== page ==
The Lightning Thief

The Lightning Thief Essay Questions

  1. 1

    How does Percy transform over the course of the novel?

    When the novel begins, Percy knows little about his identity, his past, and his family. Even when he first learns he is a half-blood, he has trouble accepting this and feels like he has a foot in two worlds. By the end of the novel he has come to terms with who he is as a person and how he fits into his identity as a demigod. He has also gained valuable leadership and problem-solving skills from surmounting obstacles throughout his journey to the Underworld and back.

  2. 2

    How does this novel mirror the typical epic hero tales of Greek mythology?

    Just like famous epics like The Odyssey, The Lightning Thief centers around a hero embarking on a quest, during which he will have to prove his worth through many tests of physical, mental, and emotional ability. In many ways, Percy fits the hero mold outlined by heroes like Theseus and Odysseus: he is uncertain of his parentage, has had a rocky past and trouble fitting in with others around him, and has been deemed special in some way—in Percy’s case, he is special because he is a son of the Big Three.

  3. 3

    What effect does placing ancient mythology in modern-day context have on a story such as this?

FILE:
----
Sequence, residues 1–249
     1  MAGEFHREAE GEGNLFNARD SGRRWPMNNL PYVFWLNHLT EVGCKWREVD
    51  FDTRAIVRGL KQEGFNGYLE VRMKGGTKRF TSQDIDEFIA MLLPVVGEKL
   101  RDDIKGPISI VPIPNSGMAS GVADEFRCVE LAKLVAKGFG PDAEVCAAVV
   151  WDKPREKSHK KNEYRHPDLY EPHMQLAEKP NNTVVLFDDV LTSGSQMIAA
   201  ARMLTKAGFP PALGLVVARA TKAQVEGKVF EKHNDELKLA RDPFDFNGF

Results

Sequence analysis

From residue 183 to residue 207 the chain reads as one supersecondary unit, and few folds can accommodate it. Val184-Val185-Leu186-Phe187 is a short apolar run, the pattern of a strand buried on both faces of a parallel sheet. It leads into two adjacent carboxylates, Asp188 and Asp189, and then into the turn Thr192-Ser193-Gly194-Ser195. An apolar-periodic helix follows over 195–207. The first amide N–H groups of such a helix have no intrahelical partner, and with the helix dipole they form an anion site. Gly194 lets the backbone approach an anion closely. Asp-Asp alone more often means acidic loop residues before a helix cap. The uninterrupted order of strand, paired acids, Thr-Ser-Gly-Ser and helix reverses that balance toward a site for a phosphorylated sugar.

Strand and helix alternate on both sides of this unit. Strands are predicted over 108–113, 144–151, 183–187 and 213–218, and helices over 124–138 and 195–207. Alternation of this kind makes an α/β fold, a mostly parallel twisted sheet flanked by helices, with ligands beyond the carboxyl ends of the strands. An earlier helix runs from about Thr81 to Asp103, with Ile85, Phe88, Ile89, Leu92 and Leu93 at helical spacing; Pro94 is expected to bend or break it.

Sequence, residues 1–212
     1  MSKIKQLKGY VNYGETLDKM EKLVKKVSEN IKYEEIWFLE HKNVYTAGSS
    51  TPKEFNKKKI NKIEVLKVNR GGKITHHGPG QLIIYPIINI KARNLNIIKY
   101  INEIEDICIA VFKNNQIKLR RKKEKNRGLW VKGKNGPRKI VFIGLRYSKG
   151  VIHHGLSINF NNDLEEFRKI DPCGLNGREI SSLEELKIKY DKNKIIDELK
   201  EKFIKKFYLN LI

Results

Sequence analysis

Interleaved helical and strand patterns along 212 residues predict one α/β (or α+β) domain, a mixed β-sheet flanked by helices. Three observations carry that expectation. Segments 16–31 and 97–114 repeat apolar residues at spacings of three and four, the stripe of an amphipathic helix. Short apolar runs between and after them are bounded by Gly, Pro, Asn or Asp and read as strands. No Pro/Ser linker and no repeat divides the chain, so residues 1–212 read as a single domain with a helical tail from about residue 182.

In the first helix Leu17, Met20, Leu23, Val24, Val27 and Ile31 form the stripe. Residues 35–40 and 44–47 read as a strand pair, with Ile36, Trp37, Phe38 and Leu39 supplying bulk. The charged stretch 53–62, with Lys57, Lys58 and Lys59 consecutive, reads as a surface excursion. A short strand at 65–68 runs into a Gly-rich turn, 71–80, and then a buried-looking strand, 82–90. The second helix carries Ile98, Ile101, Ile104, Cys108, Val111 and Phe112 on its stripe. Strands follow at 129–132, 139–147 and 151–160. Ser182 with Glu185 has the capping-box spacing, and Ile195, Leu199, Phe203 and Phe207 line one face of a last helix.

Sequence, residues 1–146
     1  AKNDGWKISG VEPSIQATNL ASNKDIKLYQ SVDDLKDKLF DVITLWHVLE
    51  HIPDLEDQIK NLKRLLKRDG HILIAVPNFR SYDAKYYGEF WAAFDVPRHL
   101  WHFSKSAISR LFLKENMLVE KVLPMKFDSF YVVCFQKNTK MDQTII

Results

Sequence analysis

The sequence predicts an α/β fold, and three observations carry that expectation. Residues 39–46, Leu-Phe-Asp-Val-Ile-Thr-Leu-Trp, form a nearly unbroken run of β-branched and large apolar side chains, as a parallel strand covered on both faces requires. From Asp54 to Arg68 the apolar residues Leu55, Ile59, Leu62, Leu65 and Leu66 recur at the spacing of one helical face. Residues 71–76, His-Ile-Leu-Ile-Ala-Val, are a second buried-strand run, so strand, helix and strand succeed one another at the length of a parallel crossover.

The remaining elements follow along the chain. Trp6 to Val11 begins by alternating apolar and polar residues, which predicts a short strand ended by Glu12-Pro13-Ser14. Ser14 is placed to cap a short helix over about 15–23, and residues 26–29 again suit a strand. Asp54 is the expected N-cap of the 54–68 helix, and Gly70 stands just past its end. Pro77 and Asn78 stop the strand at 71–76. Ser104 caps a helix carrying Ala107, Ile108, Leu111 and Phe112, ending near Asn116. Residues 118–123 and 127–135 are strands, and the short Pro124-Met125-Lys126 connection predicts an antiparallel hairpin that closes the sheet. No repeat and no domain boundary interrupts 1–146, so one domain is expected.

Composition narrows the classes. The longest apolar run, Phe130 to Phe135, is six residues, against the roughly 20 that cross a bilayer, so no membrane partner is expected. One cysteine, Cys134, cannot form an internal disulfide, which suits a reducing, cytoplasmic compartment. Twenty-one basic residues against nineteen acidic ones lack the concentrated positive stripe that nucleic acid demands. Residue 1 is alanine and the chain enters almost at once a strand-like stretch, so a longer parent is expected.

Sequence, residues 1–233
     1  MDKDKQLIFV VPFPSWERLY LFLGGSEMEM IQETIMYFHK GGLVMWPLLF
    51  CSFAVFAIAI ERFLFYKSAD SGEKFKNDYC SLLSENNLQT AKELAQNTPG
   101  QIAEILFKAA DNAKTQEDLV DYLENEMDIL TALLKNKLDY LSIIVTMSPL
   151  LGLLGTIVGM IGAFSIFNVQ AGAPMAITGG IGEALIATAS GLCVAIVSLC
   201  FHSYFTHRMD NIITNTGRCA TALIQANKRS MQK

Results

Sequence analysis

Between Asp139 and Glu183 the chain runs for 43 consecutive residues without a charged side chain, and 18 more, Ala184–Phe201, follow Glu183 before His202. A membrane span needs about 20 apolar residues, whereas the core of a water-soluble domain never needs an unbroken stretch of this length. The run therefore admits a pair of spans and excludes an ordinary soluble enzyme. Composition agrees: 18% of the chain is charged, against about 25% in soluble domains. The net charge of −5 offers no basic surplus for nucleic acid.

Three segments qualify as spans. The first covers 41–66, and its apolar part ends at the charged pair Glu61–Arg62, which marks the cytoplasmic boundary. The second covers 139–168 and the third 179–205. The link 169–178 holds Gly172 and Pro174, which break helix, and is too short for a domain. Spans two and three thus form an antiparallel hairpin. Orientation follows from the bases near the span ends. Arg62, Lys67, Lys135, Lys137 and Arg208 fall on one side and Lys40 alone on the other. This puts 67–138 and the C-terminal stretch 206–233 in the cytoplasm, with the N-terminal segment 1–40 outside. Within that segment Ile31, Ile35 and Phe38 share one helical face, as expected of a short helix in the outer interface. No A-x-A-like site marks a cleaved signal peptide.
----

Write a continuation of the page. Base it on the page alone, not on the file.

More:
The Lightning Thief places the stories of the Greek gods in present-day, which makes them more interesting and relevant for young readers in the new millennium. It shows that the struggles that gods and heroes faced in ancient times are struggles that people still face today—they fell in love, fought, experienced jealousy and showed loyalty to their friends, just like readers. This connection makes it clear that these stories are timeless and can fit seamlessly into any place in history.

  4. 4

    Why is Percy's mother such an important figure in his life?

    Percy grew up without his father, so his mother was the only parent he ever knew. As such, she played a pivotal role in his development and the two formed an extremely close relationship as he grew up. His mother becomes even more important in the novel when the gods realize how much she means to him and use this fact to manipulate him. At the end of the novel, Percy empowers his mother to get rid of Gabe and forge her own path in life, and then chooses to go back to her rather than spend the year at camp, showing how important she truly is to him.

  5. 5

    How is the Lotus Casino different from the previous obstacles Percy faced?

    Up until Percy and his friends were sucked into the Lotus Casino in Las Vegas, the tests Percy went through over the course of his quest were primarily tests of his physical skill, requiring him to fight off monsters or evade traps in order to survive. The casino, however, is an entirely new kind of obstacle, testing his mental resolve and willpower. He must have the mental strength to tear himself and his friends away from an easy life of playing games so that they can continue their quest and prevent a war between the gods. Percy manages to do this, and it is an important step on his journey towards achieving his goal and becoming a true hero.

  6. 6